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Even just irritation of the genital areas can increase the risk, as it increases the number of cells that can serve as targets for Illustrations of hiv infection. Understanding how it is—and is not—transmitted is key for the success of control efforts. If a person is not ready to stop using drugs and is unable to purchase clean needles, many communities offer Illustrations of hiv infection programs. Apply for a Grant. People with circumcised penises are less likely to contract HIV from an HIV positive person during penis-vagina sex 1,4.
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Check out the animation on the TED Ed site. Each year, an additional 2 million people are newly infected with the virus. HIV infection can occur when an HIV virus reaches the mucosal membranes or the bloodstream of an individual. Helper T cells play a crucial role in defending the body against bacterial and fungal infections. Eventually, levels of the virus and helper T cells stabilize, and the infected individual experiences fewer symptoms.
Within a few months after the initial infection, viral loads are generally low and can remain at low levels for years, even without treatment. Over time, however, the amount of virus increases, and the levels of helper T cells decrease.
Other drugs prevent the virus from maturing, or block viral fusion, causing HIV to be unable to infect new cells in the body. Antiretroviral therapy is highly effective at managing the levels of HIV. Continued use has been shown to keep HIV-infected individuals from ever progressing to AIDS, and can lower the viral count to nearly undetectable levels. Unfortunately, antiretroviral therapy is not a cure for HIV.
Every so often, the viral DNA can get turned on, and the cell starts to produce new virus. This is why medication adherence is critical. Stopping medication, even for a short time, might result in new cells being infected with HIV. Researchers are working hard to find a true cure for HIV that could completely eradicate the virus from an infected person.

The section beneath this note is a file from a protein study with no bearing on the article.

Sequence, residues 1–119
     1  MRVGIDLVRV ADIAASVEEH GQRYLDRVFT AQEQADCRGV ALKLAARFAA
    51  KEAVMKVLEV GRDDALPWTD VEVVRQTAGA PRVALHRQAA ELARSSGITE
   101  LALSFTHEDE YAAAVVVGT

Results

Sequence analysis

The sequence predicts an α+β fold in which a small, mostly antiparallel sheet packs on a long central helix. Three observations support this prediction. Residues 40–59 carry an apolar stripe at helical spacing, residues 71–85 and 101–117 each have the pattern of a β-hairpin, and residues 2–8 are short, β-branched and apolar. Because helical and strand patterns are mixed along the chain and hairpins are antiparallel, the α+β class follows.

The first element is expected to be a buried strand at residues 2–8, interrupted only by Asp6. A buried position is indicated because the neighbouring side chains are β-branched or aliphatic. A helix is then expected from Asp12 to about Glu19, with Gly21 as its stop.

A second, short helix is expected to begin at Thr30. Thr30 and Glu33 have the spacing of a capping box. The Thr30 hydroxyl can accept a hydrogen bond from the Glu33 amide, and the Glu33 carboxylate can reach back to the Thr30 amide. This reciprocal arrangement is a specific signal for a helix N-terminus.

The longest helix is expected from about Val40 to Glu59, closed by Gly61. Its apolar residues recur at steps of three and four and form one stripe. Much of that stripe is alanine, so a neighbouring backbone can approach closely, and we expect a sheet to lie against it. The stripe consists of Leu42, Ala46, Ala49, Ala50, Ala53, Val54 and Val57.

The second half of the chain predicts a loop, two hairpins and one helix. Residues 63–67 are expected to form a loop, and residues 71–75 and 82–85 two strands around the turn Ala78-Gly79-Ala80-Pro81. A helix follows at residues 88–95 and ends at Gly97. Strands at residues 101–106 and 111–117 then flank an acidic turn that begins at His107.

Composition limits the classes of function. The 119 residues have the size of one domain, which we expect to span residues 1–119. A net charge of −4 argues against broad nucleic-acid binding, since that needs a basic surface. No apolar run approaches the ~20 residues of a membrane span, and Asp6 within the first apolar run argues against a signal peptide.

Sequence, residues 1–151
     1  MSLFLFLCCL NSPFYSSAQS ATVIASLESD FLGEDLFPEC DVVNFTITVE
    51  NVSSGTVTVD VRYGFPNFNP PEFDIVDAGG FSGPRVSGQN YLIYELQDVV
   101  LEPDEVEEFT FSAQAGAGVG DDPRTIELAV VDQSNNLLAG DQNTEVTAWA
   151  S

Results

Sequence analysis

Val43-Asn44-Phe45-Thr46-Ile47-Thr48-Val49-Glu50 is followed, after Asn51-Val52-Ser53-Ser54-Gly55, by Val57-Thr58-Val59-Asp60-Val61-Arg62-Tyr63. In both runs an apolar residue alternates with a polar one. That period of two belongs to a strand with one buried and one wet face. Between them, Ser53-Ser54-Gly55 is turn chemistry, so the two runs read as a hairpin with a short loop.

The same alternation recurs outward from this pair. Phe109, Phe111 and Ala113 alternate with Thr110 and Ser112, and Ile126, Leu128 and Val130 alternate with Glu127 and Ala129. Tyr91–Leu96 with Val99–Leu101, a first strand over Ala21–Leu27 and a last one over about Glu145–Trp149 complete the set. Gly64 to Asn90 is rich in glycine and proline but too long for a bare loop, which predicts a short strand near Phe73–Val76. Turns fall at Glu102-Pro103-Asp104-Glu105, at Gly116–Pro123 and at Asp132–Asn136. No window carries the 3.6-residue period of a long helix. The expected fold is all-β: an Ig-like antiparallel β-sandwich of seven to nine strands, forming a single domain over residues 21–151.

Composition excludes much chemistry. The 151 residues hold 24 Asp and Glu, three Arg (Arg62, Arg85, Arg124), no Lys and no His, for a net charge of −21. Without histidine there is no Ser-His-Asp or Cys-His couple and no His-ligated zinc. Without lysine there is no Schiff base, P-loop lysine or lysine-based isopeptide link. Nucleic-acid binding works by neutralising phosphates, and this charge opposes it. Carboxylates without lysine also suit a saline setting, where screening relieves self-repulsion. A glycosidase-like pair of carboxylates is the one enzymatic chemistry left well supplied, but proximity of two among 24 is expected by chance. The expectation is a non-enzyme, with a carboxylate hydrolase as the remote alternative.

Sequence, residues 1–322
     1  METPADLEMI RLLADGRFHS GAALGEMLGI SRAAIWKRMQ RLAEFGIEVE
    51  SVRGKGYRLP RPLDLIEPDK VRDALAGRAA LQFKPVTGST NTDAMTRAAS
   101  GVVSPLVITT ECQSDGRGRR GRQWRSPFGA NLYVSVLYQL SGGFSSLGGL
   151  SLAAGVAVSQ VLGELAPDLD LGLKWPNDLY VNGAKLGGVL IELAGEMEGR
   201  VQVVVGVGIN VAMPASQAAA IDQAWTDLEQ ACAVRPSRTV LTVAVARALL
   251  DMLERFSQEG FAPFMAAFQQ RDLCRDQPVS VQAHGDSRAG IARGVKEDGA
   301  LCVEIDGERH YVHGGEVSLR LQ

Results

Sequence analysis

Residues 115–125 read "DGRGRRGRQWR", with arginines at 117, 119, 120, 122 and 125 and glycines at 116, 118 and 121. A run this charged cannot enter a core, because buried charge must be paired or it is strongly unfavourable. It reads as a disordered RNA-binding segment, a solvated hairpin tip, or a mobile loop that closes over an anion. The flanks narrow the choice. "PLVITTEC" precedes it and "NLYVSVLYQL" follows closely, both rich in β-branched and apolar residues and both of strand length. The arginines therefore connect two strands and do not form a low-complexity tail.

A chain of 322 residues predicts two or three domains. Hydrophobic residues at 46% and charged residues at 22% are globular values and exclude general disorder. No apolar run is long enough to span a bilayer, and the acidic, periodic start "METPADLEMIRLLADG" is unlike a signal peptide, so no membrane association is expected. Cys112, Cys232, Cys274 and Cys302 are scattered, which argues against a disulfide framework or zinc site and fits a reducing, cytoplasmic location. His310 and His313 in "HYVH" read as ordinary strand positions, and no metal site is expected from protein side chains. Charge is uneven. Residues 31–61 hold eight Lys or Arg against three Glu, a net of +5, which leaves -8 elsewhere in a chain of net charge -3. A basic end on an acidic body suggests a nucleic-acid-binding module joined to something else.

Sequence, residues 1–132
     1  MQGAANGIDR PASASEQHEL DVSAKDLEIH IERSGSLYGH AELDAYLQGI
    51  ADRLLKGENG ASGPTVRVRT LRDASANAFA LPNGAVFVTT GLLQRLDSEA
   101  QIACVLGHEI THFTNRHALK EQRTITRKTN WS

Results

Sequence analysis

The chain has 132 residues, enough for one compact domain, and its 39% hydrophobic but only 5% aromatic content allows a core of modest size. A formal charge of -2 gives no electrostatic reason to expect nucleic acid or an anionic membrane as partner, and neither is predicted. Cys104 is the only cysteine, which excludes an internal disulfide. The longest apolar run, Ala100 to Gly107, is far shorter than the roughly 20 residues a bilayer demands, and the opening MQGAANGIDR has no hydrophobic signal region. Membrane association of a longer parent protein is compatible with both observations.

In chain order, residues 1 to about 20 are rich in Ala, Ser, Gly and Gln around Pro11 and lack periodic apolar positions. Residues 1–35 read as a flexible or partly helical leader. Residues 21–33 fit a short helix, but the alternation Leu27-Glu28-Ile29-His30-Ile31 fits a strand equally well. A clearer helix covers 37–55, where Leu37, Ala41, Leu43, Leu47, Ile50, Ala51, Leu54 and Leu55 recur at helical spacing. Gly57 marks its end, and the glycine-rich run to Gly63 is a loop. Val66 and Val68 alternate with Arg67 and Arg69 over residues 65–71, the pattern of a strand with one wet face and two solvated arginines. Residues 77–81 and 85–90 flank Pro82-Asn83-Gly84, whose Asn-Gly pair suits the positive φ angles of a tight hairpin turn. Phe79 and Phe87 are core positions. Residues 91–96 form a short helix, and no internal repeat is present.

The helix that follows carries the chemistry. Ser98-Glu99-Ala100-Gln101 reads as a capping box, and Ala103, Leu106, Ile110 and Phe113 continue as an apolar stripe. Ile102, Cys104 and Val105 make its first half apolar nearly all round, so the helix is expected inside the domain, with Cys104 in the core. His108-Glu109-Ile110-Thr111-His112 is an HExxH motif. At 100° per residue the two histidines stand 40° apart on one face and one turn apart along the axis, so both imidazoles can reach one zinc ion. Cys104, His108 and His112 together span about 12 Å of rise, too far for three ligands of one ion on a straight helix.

HIV The small green dot to the left of the T cell is a HIV particle, shown to scale. Antiretroviral therapy and the search for a cure. Some antiretroviral drugs block HIV from entering new cells.
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IDM is committed to utilizing modeling approaches and quantitative analysis to explore how interventions can act to reduce the burden and transmission of HIV. This page provides information about HIV itself: the biology, symptoms, treatment, and prevention.
The human immunodeficiency virus HIV attacks the immune system by targeting CD4 positive T cells, which are white blood cells that serve a crucial role in regulating immune response and fighting off infection.
When left untreated, HIV drastically reduces the number of CD4 cells, severely weakening the immune system and enabling opportunistic infections and cancers. There is no cure for HIV, but it is possible to treat and control the virus. Scanning electromicrograph of an HIV-infected T cell.
HIV is a retrovirus. The virus integrates viral DNA into the chromosomal DNA of the host cell, becoming a permanent part of the host genome. The cellular machinery of host cells is sequestered by the virus to replicate new viral particles.
HIV is a particular type of retrovirus called a lentivirus. Characterized by long incubation periods, these viruses cause chronic and deadly diseases in mammals; in primates, they target CD4 proteins of the immune system. Host cells are destroyed in the process of viral replication, causing a significant reduction in immune system cells as viral load increases. As these vital immune system cells are destroyed, cell-mediated immunity is lost and the individual becomes increasingly susceptible to opportunistic infections.
HIV is a spherical retrovirus with a typical diameter between and nm—about 60 times smaller than a red blood cell. A viral envelope, or lipid membrane, encloses the virion. Embedded in this lipid membrane are 72 envelope proteins, glycoproteins , which spike through the membrane. These surface proteins, gp and gp41 , are responsible for viral attachment and entry to host cells. Within the membrane is a capsid , which contains enzymes and genetic material.